One of the most common motions a criminal defendant and his or her attorney might bring is a motion to suppress evidence that was illegally obtained by law enforcement in violation of the defendant's constitutional protection against warrantless, unreasonable search or seizure. This constitutional right is guaranteed by the Fourth Amendment. Instead of seeking and obtaining a search warrant from a judge, law enforcement officers often rely on judicially-created exceptions to the Fourth Amendment's requirement of a search warrant. Two exceptions that the government frequently relies upon - as I well know from my time both as a prosecutor here in Humboldt County and as a Deputy Public Defender in another county - are the doctrines of Inventory Search and Inevitable Discovery. A recent decision by the First District Court of Appeal which hears cases from much of Northern California, including Humboldt County, illustrates the limitations of these exceptions to the search warrant requirement.
In People v. Wallace, 2017 DJDAR 8822 (Solano County), Leroy Wallace III was pulled over by officers of the Fairfield Police Department for displaying false registration tabs on his vehicle and arrested for that Vehicle Code violation and on suspicion of a violent incident that occurred one or two nights prior. Officers placed Wallace, who was handcuffed, in the back of a police vehicle, and then searched the vehicle Wallace had been driving. During that search, an officer found a wooden baton in the passenger compartment. Wallace was later convicted of a felony charge for possessing the wooden baton and sentenced to three years. He successfully appealed the trial court's denial of his motion to suppress evidence that officers found the baton in his vehicle.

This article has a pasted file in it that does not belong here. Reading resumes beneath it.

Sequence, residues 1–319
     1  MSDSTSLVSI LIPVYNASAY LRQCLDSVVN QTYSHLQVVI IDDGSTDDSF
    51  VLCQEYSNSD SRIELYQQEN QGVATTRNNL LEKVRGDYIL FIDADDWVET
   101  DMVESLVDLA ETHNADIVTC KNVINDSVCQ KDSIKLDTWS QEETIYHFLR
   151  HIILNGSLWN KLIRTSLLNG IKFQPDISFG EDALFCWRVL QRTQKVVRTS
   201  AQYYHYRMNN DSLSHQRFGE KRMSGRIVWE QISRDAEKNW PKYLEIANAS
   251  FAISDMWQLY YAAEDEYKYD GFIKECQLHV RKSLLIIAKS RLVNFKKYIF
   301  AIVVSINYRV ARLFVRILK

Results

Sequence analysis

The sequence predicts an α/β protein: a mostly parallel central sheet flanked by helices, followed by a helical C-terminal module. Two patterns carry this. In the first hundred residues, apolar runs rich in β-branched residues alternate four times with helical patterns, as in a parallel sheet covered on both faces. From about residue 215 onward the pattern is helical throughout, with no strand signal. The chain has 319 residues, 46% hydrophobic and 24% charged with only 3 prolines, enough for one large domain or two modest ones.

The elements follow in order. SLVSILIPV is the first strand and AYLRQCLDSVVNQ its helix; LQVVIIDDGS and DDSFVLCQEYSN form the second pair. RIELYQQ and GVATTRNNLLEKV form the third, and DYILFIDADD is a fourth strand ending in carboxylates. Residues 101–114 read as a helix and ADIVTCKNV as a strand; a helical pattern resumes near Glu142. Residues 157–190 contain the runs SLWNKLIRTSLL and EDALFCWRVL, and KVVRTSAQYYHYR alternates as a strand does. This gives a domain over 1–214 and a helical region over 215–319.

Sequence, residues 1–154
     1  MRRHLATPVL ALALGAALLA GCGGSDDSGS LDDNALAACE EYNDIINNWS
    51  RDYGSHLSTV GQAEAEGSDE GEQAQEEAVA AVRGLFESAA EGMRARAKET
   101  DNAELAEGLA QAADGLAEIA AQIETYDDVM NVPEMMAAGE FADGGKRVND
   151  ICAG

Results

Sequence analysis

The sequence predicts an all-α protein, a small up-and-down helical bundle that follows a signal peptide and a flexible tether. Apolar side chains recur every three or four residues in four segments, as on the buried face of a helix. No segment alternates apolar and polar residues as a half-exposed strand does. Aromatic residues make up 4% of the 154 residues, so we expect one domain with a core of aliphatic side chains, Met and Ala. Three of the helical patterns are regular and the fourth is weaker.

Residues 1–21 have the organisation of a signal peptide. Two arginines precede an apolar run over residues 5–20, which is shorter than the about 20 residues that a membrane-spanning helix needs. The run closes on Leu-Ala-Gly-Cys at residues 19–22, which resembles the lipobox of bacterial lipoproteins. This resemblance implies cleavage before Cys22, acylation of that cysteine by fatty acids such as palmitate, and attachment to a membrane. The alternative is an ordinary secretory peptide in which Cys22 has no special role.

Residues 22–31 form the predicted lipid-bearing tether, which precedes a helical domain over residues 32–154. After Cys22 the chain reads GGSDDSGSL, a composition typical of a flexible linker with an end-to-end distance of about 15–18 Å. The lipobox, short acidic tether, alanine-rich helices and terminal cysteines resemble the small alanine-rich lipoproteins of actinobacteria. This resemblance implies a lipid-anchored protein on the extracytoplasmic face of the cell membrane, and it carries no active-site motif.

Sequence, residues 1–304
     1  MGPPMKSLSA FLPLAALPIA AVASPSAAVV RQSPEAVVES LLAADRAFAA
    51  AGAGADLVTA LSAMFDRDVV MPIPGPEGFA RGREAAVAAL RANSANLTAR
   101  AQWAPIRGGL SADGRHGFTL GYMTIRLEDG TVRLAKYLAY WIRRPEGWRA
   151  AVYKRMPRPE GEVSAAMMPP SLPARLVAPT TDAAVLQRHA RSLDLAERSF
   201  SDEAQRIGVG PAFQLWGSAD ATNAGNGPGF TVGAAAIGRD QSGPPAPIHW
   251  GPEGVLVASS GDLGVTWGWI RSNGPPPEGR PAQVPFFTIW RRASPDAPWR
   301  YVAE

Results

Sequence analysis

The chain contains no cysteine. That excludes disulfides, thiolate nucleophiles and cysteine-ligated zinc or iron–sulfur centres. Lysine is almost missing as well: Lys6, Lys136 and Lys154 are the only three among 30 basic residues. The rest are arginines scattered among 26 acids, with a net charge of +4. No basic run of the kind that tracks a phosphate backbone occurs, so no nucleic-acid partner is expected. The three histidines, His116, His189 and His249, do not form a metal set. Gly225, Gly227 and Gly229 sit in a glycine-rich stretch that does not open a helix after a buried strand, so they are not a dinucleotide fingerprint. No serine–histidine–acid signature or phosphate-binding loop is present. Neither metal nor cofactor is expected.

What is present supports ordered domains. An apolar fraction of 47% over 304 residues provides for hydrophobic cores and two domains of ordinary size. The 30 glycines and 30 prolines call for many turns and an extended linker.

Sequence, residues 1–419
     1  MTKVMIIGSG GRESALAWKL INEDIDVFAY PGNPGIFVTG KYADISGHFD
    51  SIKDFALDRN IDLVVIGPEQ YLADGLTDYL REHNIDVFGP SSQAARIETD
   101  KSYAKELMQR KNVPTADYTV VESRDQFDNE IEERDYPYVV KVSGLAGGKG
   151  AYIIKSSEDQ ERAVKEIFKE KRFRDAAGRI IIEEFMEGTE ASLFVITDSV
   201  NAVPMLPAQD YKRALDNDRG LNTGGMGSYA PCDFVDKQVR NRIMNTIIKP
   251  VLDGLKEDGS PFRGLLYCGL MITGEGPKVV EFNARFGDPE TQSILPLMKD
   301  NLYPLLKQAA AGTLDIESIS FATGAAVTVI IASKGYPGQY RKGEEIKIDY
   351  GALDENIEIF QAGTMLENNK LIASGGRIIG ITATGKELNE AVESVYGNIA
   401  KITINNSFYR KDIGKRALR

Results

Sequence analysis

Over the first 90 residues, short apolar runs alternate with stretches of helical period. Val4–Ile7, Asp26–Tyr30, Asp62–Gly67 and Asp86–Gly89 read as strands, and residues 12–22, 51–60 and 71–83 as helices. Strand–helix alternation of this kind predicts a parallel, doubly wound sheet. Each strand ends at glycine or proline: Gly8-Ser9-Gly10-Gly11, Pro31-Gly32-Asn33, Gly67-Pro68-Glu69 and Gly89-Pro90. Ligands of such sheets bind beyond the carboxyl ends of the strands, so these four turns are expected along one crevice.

Law enforcement may search a vehicle when impounding it without a search warrant, when the officer conducts that "inventory search" according to standard criteria and on the basis of something other than suspicion of evidence of criminal activity. The inventory search procedure is aimed at three separate needs: the protection of the owner's property while it remains in police custody; the protection of the police against claims or disputes over lost or stolen property; and the protection of the police from potential danger from unidentified objects or persons concealed in the vehicle. However, in Wallace's case, the First District Court of Appeal found that the Fairfield Police Department officers were unable to testify that they followed key aspects of their department's procedure. Therefore, the Court reversed the trial court's finding that the prosecution could justify the seizure of the baton as part of a valid inventory search.
The prosecution often, as in Wallace's case, may argue in the alternative that even if the offered exception to the warrant requirement does not pass constitutional muster, the evidence would have been "inevitably discovered" by law enforcement at a later time by lawful methods. In Wallace's case, the government's fallback position also failed. The First District noted that there was no testimony establishing that Wallace's vehicle was in fact impounded and towed. If it had been, the prosecution probably could have shown that the baton would have been discovered by a Fairfielld Police Department officer properly conducting an inventory search at a later time, such as when the tow truck arrived or when Wallace's vehicle arrived at the impound yard. In a seemingly frustrated tone (courts tend not to enjoy suppressing evidence as a result of Fourth Amendment violations), the First District panel declined "to build speculative inference on top of speculative inference" and found against the government's argument that the baton would ultimately have ultimately been found by law enforcement using lawful means.
Convincing a court to grant the motion to suppress usually results in a dismissal of one or more charges in a criminal case. If the prosecution cannot present the illegally-obtained evidence at trial, it usually cannot prove any charges based on that evidence beyond a reasonable doubt. Janssen Malloy LLP attorneys Patrik Griego and David Nims have obtained good results for some criminal defense clients by staying apprised of the latest developments in this area of law and by litigating motions to suppress evidence that was obtained in violation of the Fourth Amendment.